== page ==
In this meticulously researched and exquisitely deconstructed narrative, novelist and historian Stephen O’Connor views the life and work of the great American architect of personal liberty through the prism of his relationship with Sally Hemings, a woman he considered his rightful possession. This paradox strikes at the heart of our national identity, and while he doesn’t make it make sense, O’Connor does manage to define it in a way that seems plausible, empathetic, and almost but not quite complete.
The author fractures his story into a spectrum of different tales intertwined. A third person limited telling of the facts as we know them from the point of view of an intelligently-imagined Jefferson and a first person confession of identity and shame from Hemings are familiar devices of historical fiction done well. But what about the Jefferson who’s sitting in a contemporary movie theater with Dolly and James Madison, being driven mad by a lushly romantic biopic of his life and love for Sally? Or the Jefferson-like prisoner being tortured by a furious black female guard? Or the New York Jefferson on the subway pining for the Sally who’s ignoring him across the way? Or, strangest of all, the nameless narrator exploring a weird hellscape that seems to be the inside of a colossal Jefferson–the haunted house of the great man’s reputation? He finds another Jefferson and another Hemings here, two survivors of some unnamed apocalypse, clinging and traveling together.
I love this stuff–my favorite work in grad school was on the fractured narratives of writers like A.S. Byatt and Thomas Pynchon, and I’d rank this novel with the best of that style. It gets at a truth of Jefferson and, less successfully, of Hemings that no straightforward telling could.
But is it enough? As a work of literary art, I found this book really satisfying. As a story about people, not so much. O’Connor doesn’t solve the puzzle of Jefferson; that he can’t is kind of the point. But he does a great job of finding all the pieces.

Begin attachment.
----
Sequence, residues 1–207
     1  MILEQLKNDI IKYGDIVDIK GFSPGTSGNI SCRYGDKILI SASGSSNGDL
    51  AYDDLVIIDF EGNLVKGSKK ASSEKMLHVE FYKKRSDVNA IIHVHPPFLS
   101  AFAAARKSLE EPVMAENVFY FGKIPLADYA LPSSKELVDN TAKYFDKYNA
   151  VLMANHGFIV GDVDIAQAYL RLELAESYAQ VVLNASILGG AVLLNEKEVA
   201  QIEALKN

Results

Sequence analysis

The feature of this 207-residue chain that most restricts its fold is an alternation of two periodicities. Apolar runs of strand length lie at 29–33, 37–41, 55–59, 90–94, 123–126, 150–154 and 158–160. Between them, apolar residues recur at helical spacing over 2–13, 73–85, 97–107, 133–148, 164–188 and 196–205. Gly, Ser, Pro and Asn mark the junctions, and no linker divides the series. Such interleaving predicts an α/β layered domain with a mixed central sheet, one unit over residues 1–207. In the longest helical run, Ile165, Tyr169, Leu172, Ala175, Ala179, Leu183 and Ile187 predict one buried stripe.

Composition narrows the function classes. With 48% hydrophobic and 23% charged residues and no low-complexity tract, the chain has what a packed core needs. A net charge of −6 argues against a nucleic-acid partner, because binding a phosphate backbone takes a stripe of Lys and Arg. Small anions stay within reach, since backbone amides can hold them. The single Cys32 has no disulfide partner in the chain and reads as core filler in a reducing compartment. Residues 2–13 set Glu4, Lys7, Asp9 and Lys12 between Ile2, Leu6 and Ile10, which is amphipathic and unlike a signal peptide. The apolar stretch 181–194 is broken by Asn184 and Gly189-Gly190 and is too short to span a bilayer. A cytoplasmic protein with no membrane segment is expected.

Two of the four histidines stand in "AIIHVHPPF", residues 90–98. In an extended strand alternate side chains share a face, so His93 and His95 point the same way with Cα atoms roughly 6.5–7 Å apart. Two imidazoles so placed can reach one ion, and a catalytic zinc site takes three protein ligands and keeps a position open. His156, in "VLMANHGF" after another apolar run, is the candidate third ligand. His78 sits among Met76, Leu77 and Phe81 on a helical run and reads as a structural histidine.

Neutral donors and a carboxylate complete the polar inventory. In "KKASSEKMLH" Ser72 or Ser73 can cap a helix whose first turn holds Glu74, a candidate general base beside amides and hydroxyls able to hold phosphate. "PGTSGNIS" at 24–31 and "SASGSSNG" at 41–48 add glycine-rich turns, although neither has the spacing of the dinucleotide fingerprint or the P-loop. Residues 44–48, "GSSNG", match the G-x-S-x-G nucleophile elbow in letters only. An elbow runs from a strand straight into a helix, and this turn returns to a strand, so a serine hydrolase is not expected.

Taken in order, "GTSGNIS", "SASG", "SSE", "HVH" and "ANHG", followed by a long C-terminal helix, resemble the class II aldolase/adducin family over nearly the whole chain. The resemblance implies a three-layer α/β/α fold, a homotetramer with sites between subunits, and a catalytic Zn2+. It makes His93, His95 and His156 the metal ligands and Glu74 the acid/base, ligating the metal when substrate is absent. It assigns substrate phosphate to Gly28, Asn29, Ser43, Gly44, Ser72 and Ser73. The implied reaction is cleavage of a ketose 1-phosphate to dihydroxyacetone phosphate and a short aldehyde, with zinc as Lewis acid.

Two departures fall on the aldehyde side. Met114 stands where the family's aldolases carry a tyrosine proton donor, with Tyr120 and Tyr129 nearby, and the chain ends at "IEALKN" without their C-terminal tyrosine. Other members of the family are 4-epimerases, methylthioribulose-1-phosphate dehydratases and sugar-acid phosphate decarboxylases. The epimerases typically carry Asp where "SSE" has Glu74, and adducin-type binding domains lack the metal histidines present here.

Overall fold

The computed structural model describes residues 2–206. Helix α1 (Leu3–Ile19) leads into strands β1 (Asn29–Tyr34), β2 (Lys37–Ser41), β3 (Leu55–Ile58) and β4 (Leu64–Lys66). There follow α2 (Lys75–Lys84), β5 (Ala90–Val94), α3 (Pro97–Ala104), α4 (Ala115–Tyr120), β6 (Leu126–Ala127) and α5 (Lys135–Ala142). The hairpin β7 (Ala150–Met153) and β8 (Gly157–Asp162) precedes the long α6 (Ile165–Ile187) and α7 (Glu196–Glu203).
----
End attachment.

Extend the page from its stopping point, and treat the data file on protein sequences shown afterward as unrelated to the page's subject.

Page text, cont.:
News of the World is one of those short novels written by a poet where every image and syllable is rife with meaning and symbolic import. Set in Texas in the 1870s, it’s the story of 72-year-old Captain Jefferson Kidd, an old soldier and former owner of a printing press who makes his living reading newspapers aloud in public, and how he transports a ten-year-old white girl who has spent the past four years as a captive of the Kiowa more than seven hundred miles to her surviving white relatives. (If you’re thinking The Searchers, quit—this is more of a late-in-life Paul Newman role with a well-crafted political point of view that’s all the way 2016.) Incidents ensue that all feel true to life, and the conclusion satisfies. But as much as I love westerns and liberal politics and stories about old men and the power of words, I can’t say I loved this. I liked it okay; I admire Jilles’ research and craftsmanship; I agree with all her points. But the story just didn’t move me.
I suspect Jilles’ is a cracking fine poet. There is much here about things being biscuit-colored and the emotional states of rivers. The character of Kidd is a work of art all by himself, specific and original and full of interesting, relatable depths. His biography, delivered in dribs and drabs of memory and flashback, was my favorite part of the book by miles. But this particular journey and the child for whom he takes it just didn’t interest me all that much. In her author’s note, Jilles’ cites a non-fiction book about the psychology of non-Native-American children taken captive by tribes in the Old West, and I don’t doubt that she read it cover to cover, along with plenty of solid primary sources on the Kiowa language, period clothing, the roads in Texas at the time, and late-19th-century printing. And Texas politics—I’m sure there were even more artful parallels drawn between the violent and clueless white folks she creates for her story and the real ones we know today than I recognized, but I don’t have the strength, will, or energy to try to pull them out. All of this stuff is interesting, but the story feels too thin and tenuous to support its weight. I didn’t have any problem finishing the book, but I just couldn’t care about it much; it never engaged my heart. Ultimately it felt more like an essay or a non-fiction article than a novel.
I’m glad I read it, and I will read more from this writer. But I can’t imagine myself ever reading this one again.